With the separate pattern and text, those two components are printed separately and the pattern is traced over the text printout, leaving the pattern invisible after the calendar is folded. The combined pattern and text is less fiddly (perhaps more suitable for younger cohorts), but it will leave the pattern’s black lines along the edges of the calendar. The instructions below assume that you are making the large icosacalendar using separate pattern and text. Users of the combined version can print the corresponding image to construction paper and skip to the section “Cutting and Folding the Calendar” below.
You can download the raw 8 megapixel images for the pattern and text here:
These can be used to make differently-sized calendars. Just copy and paste them into a word processor document and resize them. Make sure that both images are scaled by the same amount, so that they wind up being the same size on paper.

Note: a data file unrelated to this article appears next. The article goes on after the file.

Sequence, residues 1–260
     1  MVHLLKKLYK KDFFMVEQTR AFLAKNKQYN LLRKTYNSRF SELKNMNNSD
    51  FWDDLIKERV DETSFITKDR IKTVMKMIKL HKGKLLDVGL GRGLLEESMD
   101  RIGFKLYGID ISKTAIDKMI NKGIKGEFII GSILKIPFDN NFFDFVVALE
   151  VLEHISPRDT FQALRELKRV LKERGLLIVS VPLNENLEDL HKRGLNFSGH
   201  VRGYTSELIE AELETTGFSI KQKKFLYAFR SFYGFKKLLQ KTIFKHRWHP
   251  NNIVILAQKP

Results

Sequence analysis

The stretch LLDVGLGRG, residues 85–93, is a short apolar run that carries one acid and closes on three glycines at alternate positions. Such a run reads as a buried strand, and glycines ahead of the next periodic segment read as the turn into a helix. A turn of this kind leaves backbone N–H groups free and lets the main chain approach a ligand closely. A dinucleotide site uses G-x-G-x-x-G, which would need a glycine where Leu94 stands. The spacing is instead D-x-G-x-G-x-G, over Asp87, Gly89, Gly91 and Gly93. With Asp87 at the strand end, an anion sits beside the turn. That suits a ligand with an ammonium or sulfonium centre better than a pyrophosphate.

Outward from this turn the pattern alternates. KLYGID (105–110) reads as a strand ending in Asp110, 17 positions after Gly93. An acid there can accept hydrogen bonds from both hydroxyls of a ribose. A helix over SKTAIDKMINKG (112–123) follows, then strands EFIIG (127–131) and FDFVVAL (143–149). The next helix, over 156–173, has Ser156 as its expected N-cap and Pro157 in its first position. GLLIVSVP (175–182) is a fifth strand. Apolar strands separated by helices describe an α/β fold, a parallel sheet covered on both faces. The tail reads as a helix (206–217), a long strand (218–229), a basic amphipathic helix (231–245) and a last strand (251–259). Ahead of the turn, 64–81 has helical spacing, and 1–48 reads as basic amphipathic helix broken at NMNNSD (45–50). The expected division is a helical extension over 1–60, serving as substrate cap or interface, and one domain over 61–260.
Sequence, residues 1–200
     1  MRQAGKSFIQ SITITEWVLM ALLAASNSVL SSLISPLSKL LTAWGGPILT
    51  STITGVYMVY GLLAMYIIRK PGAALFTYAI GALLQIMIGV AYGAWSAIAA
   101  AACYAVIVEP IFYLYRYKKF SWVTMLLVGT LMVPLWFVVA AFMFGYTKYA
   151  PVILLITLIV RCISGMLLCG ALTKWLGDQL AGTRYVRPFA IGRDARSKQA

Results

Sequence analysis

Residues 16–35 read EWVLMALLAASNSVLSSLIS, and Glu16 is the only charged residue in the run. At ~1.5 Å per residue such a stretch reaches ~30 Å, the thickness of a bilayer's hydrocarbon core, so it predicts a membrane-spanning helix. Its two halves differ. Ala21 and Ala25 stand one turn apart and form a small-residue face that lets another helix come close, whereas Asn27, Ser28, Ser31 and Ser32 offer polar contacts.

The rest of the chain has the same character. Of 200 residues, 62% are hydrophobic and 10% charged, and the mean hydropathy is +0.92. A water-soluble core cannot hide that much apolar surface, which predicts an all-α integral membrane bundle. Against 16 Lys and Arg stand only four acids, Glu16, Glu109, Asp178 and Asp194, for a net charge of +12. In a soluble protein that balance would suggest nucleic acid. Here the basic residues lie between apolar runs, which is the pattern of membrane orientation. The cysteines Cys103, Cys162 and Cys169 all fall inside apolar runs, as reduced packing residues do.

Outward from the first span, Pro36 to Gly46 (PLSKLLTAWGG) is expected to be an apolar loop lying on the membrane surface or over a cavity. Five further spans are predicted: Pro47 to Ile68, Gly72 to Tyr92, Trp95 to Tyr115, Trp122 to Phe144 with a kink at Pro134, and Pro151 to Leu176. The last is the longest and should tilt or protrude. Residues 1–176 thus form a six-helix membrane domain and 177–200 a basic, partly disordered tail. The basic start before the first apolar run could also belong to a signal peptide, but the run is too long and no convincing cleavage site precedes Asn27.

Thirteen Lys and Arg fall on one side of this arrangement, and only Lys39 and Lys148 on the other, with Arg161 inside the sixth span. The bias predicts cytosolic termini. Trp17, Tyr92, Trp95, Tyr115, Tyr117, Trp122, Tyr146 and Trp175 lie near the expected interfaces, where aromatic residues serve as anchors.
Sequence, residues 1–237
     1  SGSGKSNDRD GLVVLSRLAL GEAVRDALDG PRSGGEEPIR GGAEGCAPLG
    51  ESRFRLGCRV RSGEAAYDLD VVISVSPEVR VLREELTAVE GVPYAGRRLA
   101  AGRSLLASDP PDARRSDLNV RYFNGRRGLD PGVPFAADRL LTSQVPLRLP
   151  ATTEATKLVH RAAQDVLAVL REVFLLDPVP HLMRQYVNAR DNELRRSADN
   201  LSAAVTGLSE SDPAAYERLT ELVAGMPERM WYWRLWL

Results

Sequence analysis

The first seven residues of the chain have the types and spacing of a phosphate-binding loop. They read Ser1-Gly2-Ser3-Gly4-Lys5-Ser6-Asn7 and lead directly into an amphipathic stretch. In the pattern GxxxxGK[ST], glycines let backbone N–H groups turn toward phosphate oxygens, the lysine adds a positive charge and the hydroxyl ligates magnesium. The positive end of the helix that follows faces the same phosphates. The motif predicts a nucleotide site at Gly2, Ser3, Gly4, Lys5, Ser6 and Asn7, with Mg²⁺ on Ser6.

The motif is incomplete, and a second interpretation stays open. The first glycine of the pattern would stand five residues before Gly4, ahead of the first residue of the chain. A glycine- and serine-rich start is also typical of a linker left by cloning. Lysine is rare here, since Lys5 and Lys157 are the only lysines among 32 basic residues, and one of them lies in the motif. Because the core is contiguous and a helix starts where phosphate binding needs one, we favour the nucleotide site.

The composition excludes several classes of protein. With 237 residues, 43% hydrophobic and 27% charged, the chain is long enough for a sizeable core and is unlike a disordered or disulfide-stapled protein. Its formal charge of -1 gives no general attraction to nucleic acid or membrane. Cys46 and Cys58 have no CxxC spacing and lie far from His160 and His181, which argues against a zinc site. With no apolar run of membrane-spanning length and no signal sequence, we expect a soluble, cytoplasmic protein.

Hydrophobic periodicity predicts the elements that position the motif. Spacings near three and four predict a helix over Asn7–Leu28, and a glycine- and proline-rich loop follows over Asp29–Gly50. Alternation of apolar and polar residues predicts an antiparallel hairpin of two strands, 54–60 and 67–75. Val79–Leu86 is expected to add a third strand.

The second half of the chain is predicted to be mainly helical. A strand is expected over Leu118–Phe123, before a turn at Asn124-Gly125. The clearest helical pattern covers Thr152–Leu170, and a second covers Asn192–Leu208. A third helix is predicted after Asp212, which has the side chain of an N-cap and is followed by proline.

Print the Pattern and Text
Print the pattern page onto regular printer paper using normal settings. If the printer resolution is not high enough then some lines might not appear, in which case you can draw the lines in with pencil.
Print the text page onto construction paper using the printer’s high-resolution settings. You might need to trim the construction paper if it’s too big for the printer.
Now you have something like the following pieces of paper:
The large pattern image printed out onto a piece of printer paper.
The large text image printed out onto a neat-o piece of yellow construction paper.
Cut out and fold the pattern.